I walk around the Skyline complex, taking pictures of Lake Wakatipu and the beautiful panoramic view of this jewel of New Zealand’s South Island. I feel safe behind a gate with other tourists milling about. The Skyline Gondola at Bob’s Peak is one of the top-rated destinations in Queenstown, and I pre-booked a buffet and Maori Kiwi Haka cultural show later that evening after the jump. Walking around the patio, I feel like a coward. Even more so as I stand next to an older couple watching a screaming thrill-seeker leaping out into the ethers with a harness attached to her waist.
“I could never do that,” the woman says. We watch the jumper dangling in her harness, waiting to be lifted to safety. The husband concurs. They’re on holiday from Australia. They ask what brings me to New Zealand.
“It’s my birthday,” I reply. “I had planned on bungy jumping, but after riding up on the gondola, I’m not so sure.”
I leave the Aussie spectators as I make my way down to a viewing platform not far from The Ledge, the official name of the bungy jump at Skyline. In the months that I spent planning my trip to New Zealand, I had envisioned myself running down the platform, the wind at my back, and jumping out into the air. After skydiving in Australia, jumping some 14,000 feet from a Cessna, I figured that a mere 450 meter leap would be a piece of cake. I keep checking the time. My jump is scheduled for six o’clock, and it’s a quarter to. I should have been getting weighed, signing the disclaimer about the life-threatening nature of the activity and heading down to The Ledge. Instead, I cower on a bench as screams split the night. When six o’clock comes and ten past the hour, I know I can’t keep sitting around. Finally, I walk up to the counter and tell the smiling young woman that I pre-booked my jump. I step on the scale, and she writes my weight on the back of my hand with a red marker. She assures me that she has jumped several times, and I’ll be fine. “The boys’ll take care of you,” she says as I head down to the bungy platform.
The “boys” are three young men in their early 20s, blasting rock music.
“You here for a jump?” the tall one asks. When I nod, it seems they are eager to suit me up, to attach the harness to my waist. As they check the tightness of the ropes, my mouth gets dry. I feel like I’m going to pee myself. It’s chilly up here. The blue and white cable cars pass by the platform, as if coming to have a look. I wonder if the couple from Oz can see me. As soon as the blond kid tugs on my rope, pulling me closer to the edge, I know I can’t do it. I back up. At first the crew encourages me, telling me I have nothing to fear. But after ten minutes, irritation shows on their faces. They tell me the camera is rolling. They heckle me, telling me I could have jumped three times by now. My mouth is so dry, I can’t even argue with them. I see myself running across the narrow wooden walkway, arms raised to the heavens, but then I back away again. I can’t do it. I feel like the biggest idiot and loser. Finally, one of the kids tells me that I can walk up to the edge, and he’ll give me a little nudge. I’ll either have to step out of the harness or forever walk away. I see that they have already closed up shop in their minds, are already standing in a pub with a cold one in hand. Resigned, I shuffle over to the edge, and I feel a hand at my back.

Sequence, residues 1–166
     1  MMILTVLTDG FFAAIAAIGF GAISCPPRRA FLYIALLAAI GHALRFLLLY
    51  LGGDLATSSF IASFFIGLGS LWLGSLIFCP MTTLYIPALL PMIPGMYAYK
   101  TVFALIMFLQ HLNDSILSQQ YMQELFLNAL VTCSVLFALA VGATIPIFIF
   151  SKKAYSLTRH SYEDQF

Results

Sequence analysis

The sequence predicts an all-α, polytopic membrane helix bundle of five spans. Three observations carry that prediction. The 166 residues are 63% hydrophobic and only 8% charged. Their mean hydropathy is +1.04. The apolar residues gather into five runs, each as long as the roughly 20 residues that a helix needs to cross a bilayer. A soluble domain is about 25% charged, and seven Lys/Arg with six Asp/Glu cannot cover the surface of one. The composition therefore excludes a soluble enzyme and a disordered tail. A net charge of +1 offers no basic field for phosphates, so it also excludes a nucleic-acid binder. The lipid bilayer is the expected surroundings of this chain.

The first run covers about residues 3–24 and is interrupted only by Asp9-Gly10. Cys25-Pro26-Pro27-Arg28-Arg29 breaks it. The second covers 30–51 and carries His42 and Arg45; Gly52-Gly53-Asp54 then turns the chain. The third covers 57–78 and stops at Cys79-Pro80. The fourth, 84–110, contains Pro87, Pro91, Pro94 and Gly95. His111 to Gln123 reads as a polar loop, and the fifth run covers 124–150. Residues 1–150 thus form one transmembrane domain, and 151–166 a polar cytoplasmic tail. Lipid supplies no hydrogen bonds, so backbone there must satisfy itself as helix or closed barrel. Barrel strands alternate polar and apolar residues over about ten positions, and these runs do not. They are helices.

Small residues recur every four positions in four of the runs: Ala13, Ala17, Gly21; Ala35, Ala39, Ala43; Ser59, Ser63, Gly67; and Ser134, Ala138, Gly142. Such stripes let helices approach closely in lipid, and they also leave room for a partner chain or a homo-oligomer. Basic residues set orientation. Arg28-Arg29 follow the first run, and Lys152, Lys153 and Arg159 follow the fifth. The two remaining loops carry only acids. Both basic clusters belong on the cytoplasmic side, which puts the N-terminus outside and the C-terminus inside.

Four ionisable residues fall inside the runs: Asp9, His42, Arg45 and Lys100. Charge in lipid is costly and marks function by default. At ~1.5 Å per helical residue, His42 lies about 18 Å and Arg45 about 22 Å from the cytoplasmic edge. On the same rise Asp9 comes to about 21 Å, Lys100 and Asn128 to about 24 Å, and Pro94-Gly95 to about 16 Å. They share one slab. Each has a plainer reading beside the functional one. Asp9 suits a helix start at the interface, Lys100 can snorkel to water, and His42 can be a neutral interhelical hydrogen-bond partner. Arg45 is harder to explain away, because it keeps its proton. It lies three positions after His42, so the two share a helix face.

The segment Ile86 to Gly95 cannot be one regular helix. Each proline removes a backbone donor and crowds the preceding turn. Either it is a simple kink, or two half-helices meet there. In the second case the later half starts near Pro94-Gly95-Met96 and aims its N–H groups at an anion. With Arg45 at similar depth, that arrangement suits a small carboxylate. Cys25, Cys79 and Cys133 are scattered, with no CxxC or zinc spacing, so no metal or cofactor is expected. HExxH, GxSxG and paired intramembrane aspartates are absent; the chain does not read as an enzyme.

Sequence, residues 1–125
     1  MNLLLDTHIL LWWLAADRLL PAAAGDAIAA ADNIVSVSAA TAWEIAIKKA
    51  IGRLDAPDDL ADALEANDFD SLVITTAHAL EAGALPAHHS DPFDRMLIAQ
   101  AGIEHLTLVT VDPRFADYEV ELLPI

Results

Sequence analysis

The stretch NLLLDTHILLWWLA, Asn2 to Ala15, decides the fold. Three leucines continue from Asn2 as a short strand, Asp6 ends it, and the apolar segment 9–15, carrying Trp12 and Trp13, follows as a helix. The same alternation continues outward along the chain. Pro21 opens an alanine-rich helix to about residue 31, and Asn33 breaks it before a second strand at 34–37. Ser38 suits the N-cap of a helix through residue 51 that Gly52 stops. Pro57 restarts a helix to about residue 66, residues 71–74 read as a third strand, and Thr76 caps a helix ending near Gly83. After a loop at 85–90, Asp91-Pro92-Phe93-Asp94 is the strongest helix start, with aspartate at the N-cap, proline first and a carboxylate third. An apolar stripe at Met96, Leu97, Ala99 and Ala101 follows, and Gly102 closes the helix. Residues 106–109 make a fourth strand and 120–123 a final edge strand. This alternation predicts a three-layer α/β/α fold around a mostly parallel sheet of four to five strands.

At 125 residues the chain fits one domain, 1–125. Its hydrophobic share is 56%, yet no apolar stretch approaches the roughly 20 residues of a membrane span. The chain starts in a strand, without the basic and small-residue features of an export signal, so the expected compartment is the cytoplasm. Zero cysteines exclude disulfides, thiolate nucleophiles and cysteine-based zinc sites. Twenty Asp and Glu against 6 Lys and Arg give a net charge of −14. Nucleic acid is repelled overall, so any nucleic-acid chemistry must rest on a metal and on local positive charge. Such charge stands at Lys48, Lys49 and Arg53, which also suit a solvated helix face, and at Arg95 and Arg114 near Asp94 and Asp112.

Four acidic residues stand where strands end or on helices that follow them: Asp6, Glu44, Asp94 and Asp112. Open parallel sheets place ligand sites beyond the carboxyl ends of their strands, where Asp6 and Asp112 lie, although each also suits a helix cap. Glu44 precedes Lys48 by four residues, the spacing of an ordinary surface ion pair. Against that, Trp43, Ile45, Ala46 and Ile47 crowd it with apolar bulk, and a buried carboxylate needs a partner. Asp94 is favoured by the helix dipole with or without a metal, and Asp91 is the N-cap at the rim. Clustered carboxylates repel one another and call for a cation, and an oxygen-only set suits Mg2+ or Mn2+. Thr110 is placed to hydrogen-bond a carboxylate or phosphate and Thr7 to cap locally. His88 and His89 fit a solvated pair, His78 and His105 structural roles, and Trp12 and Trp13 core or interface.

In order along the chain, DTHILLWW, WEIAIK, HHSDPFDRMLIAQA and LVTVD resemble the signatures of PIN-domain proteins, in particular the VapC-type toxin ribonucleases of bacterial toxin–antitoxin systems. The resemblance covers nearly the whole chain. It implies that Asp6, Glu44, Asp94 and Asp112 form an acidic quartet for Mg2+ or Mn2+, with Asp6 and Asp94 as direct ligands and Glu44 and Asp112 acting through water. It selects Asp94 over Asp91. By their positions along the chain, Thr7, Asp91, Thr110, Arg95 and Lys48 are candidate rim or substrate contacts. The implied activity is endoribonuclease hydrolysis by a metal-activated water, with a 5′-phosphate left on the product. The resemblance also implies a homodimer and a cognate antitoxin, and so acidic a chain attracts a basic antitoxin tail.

Is it possible to scream and curse in your mind simultaneously? That’s what I’m doing as I fall 450 meters to the valley below. It doesn’t feel like flying. I don’t experience that lovely stillness I felt while skydiving, that confidence and fearlessness. Dangling there from my harness, waiting for my hecklers to hoist me back up the platform, I feel like a clunky bird ejected from the nest. But the nervous feeling dissipates, even after the guy who pushed me from the ledge starts shaking my ropes to tease me. Strangely enough, I feel like I could do it again, and I ponder that thought — briefly— as I’m lifted to safety. I survived bungy jumping. No broken bones, no torn retinas. I’ll have to find the Brit and tell him the good news.
The guys walk me back to the office where I checked in. They’re still ribbing me, but their taunts aren’t edged with annoyance as they were earlier. They even offer me a beer as we watch the DVD of my jump. We all laugh at how long it took me to leap, but at least I look cute doing it. This feels like a rite of passage for me, one that I am still trying to decipher. I wasn’t the gutsy angel I had hoped to be on my New Zealand bungy jump, but at least, I took flight.